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They enjoy a succession of hits throughout 1950 on the Savoy label and Little Esther and Johnny Otis are given the Best Jazz and Blues Artists Award of 1950 by Cashbox magazine. By 1951 Little Esther had left Otis and signed as a solo artist with the King label; although their paths would often cross and she would continue recording until her death in 1984 as Esther Philips.  Linda Hopkins takes over the female vocal role with the band although Savoy continue to release recordings it holds featuring Little Esther.  By 1952 Otis signed with Mercury records and records with Ben Webster. In April he starts a tour with [[Willie Mae Thornton]].  While Mercury continues to release records by the Otis band he does some arranging and production work for Don Robey's Peacock label. This results in  [[Willie Mae Thornton]]'s "Hound Dog", a song written by two young songwriters called  Jerry Leiber and Mike Stoller.  The songs popularity is instantaneous and Peacock has three pressing plants running full time just to keep up with demand. Otis continues producing for Robey's labels and eventually signs a contract with Robey himself.
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Towards the end of 1953 Otis tours as the Johnny Otis Revue with Willie Mae Thornton, Marie Adams and Junior Parker, and once again storms New York's Apollo.
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By early 1954 Otis is back in [[Los Angeles]] where he discovers a young vocalist called Jamesetta Hawkins.  Otis quickly records her as Etta James and produces "The Wallflower (Roll with me Henry)", with Otis on percussion and backing vocals by [[Richard Berry]] and The Peaches, it quickly became one of the first Rock and Roll anthems - probably helped a little by regular plays on Otis' daily radio show.  The KFOX radio show would be another platform for Otis to present his artists including the young vocal groups The Penguins and The Medallions.
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In early 1955 Otis inaugurated a series of shows at the [[El Monte Legion Stadium|Legion Stadium]] in El Monte and by the end of the year Otis was signed up to host a TV show on KTTV. In early 1956 the Mesner Brothers, owners of Aladdin Records, along with Otis, set up a new label called Ultra.  The names was soon changed to Dig and Otis assumed the role of managing A & R. After several releases, including his own records, for Dig Otis is signed to Capitol records (his first major label signing) in 1957.  Being a small fish in the large Capitol poll Otis gets little marketing support and his records for them do not sell as well as was hoped: Capitol even consider dropping the whole Johnny Otis band/TV show package. In the spring of 1958 Otis takes his whole entourage on tour in the UK where it is pointed out to him that teenagers frequenting coffee bars had taken to "hand jiving" to the records on the juke boxes.  On his return to the US Otis records "Willie and the Hand Jive", a song building on rhythms popular from the 1930's and developed by Bo Diddley in the 1950's, which  Capitol release with barely a mention to the media. By the summer the record has taken off featuring in the charts for four months. After decades in the business Otis finds himself an overnight success. Despite the song crossing over from the R&B world into pop charts Otis remained true to his roots and put together and all black show which is increasingly performing to white audiences. Otis is unable to provide Capitol with a follow up hit. The TV show continues to promote new talent including [[Don & Dewey]] - It was Otis who gave [[Don "Sugarcane" Harris|Don Harris]] the nickname "Sugarcane".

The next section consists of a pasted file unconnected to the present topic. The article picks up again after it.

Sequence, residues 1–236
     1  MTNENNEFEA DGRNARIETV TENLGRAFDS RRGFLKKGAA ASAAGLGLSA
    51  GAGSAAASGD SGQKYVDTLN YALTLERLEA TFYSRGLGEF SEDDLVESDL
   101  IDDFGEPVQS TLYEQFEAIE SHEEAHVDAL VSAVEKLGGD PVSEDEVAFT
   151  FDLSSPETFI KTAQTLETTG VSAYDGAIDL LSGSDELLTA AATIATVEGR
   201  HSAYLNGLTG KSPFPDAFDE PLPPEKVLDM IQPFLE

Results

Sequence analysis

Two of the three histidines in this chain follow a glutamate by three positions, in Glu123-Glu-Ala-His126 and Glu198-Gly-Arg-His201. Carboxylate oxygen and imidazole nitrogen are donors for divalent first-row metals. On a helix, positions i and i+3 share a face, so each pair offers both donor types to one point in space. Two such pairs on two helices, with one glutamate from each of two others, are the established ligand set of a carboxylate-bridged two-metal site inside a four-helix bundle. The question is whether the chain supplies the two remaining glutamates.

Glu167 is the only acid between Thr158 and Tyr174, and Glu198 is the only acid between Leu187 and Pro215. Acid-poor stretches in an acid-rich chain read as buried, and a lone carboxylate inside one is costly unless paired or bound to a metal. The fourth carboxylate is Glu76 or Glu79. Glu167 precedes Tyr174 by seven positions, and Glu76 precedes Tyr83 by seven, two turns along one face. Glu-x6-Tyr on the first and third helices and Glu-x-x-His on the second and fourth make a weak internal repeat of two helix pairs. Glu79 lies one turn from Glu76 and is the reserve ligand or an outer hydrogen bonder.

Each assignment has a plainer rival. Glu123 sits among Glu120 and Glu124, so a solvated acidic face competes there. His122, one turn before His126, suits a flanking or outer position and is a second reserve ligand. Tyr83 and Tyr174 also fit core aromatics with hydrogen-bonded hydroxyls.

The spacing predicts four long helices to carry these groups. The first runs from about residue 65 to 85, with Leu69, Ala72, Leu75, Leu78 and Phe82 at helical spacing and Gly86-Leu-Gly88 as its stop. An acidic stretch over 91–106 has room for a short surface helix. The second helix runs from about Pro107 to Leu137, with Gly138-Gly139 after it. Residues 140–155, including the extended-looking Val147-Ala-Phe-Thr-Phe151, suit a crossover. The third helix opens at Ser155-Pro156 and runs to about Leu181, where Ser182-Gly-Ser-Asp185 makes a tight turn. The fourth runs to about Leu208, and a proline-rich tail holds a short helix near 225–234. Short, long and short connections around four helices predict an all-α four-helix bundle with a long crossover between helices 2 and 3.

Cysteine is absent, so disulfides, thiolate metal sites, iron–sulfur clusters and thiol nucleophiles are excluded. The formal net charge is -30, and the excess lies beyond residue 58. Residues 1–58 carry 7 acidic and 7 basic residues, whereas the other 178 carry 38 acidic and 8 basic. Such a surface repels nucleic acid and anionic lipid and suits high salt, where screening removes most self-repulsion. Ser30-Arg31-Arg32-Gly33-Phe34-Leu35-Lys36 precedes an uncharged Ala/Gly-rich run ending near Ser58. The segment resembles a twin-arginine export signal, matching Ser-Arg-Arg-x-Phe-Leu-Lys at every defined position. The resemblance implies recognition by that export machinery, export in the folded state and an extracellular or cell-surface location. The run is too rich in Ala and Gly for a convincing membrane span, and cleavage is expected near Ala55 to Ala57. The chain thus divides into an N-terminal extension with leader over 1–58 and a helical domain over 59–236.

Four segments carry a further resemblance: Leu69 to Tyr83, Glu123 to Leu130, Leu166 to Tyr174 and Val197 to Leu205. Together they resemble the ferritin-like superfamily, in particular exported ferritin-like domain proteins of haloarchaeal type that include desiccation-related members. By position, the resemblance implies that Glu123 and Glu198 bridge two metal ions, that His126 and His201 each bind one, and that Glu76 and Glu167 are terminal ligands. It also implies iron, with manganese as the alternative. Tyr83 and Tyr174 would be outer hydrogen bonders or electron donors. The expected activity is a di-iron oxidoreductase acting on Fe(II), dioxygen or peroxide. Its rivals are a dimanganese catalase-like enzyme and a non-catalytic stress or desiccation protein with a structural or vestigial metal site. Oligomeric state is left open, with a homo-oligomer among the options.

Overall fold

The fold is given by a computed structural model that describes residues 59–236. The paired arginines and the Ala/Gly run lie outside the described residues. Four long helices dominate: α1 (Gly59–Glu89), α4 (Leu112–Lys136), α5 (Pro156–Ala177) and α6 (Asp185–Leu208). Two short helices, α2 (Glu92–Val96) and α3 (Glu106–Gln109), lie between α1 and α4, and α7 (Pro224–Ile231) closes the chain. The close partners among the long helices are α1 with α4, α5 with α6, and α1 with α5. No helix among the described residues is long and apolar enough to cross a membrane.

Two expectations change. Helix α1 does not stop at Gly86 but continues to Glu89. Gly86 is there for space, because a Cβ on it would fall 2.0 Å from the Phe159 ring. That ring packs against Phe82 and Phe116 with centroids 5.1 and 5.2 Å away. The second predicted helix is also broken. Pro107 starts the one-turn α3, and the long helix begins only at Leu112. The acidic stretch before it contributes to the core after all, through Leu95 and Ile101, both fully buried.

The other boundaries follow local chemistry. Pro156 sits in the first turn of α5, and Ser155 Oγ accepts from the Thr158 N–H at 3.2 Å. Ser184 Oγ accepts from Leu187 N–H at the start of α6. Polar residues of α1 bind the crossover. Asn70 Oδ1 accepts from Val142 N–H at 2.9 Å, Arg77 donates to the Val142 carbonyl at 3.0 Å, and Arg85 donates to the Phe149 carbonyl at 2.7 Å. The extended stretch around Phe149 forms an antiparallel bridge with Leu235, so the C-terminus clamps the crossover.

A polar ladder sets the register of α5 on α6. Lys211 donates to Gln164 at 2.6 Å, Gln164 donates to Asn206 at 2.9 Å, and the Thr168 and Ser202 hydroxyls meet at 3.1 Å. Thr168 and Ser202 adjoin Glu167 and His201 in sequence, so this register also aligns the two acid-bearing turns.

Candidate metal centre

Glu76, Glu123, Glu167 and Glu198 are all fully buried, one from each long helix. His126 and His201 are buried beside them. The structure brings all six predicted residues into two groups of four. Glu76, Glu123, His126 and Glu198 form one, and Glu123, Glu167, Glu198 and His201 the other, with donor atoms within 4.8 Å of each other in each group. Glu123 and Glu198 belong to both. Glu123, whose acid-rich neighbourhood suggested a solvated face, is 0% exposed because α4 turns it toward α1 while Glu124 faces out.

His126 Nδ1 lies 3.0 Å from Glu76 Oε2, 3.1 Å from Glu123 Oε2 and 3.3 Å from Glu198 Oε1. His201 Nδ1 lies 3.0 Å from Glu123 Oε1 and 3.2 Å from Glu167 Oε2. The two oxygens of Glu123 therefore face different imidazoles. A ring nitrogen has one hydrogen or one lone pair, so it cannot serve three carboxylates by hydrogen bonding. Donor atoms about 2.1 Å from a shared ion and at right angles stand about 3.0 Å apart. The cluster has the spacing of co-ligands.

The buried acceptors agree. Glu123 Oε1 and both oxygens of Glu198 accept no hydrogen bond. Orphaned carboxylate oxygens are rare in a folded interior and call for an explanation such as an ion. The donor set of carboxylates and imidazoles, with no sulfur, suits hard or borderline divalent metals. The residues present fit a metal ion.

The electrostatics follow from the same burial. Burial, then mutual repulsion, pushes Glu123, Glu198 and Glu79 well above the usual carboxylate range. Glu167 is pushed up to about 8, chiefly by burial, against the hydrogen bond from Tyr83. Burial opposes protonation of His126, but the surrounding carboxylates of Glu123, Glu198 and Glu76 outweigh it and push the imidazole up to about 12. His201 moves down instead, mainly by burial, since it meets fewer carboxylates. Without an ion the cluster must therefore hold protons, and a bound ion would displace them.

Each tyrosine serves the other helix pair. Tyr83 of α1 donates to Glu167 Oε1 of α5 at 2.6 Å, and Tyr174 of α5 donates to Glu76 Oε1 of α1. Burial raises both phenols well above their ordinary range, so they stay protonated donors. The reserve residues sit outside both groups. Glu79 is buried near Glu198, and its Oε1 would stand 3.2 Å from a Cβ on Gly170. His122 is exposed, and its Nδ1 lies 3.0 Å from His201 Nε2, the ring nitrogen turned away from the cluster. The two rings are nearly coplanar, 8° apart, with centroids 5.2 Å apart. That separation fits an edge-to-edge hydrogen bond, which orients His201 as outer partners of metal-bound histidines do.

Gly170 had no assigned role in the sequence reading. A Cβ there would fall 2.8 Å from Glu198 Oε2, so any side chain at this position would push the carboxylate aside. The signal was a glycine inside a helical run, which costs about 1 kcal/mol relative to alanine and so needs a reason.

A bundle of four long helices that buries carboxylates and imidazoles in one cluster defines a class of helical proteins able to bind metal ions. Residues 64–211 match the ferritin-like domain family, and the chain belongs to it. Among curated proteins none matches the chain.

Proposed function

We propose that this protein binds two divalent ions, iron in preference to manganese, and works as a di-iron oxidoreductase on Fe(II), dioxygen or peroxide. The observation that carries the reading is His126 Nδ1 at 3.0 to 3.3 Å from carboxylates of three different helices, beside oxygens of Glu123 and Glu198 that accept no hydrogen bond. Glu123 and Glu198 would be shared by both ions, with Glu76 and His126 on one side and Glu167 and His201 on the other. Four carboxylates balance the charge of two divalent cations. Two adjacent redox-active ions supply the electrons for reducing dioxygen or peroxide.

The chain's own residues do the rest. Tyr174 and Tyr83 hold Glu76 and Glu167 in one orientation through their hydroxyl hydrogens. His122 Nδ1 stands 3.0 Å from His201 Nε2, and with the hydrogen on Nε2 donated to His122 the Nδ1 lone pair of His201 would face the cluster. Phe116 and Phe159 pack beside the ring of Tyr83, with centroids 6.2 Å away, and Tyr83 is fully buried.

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[[Frank Zappa]] first met Otis around 1958 on a trip to his studio having long admired his records and enjoyed his selections for his radio show.
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As the 1950's rolled into the 1960's the musical tastes of the public once again shifted; this time towards heart-throb teen idols, vocal groups (particularly girl groups) and Surf and Hot Rod bands. Otis set up a Eldo records but with little success and he drifted away from the music scene.  After the [[Watts Riots]] he became active politically within the [[Los Angeles]] community.  Otis wrote a book "Listen To The Lambs" which portrayed the communities he grew up in with all their talents  and yet they were disenfranchised from the pursuit of the "American dream".  He stood for election to the California Assembly (but as he campaigned as Johnny Veliotes, rather than Otis, he probably failed to pick up as many votes as could have been expected and he did not win a place. ). [http://www.duncanmoran.me.uk/electotis.mp3  Vote for Johnny Otis: Don't forget to remember to register to vote] (184KB mp3).
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Having cultivated Otis' "imperial" style moustache and beard [[Frank Zappa]] contacted Otis in the summer of 1969 while recording material that would appear on [[Burnt Weeny Sandwich]] and [[Hot Rats]].  Otis took his son [[Shuggie Otis|Shuggie]] to the session and he played bass on [[Son Of Mr. Green Genes]], his father being credited as Contractor in his capacity as impromptu band leader. FZ asked Otis about [[Don "Sugarcane" Harris|Don Harris]].  They found he was in prison and so bailed him out so he could record with them.
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Johnny Otis continues to paint, sculpt and write as well as presenting a weekly radio show.
  
See also: [[Shuggie Otis]], his oldest son.
 
  
 
[[Category:Supporting Cast]]
 
[[Category:Supporting Cast]]

Revision as of 01:52, 9 June 2005

Johnny Otis


Johnny Otis, born John Veliotes (Dec 28, 1921 in Vallejo, California)

Father of Shuggie Otis


Name checked on the cover of "Freak Out!" (1966) under the heading "These People Have Contributed Materially In Many Ways To Make Our Music What It Is. Please Do Not Hold It Against Them".


Johnny Otis can simply be desribed as a musician, bandleader, arranger, songwriter, producer, booking agent, tour promoter, road manager, record label operator, publisher, disk jockey, and television personality. In his spare time, away from the music world he was a author, columnist, politician, actor, printer, painter, sculptor, and even bred rare birds.

His family had Greek origins and he grew up in a predominantly "black" area of Berkeley, California (where his father ran a grocery store); he would later style himself as a "white Negro".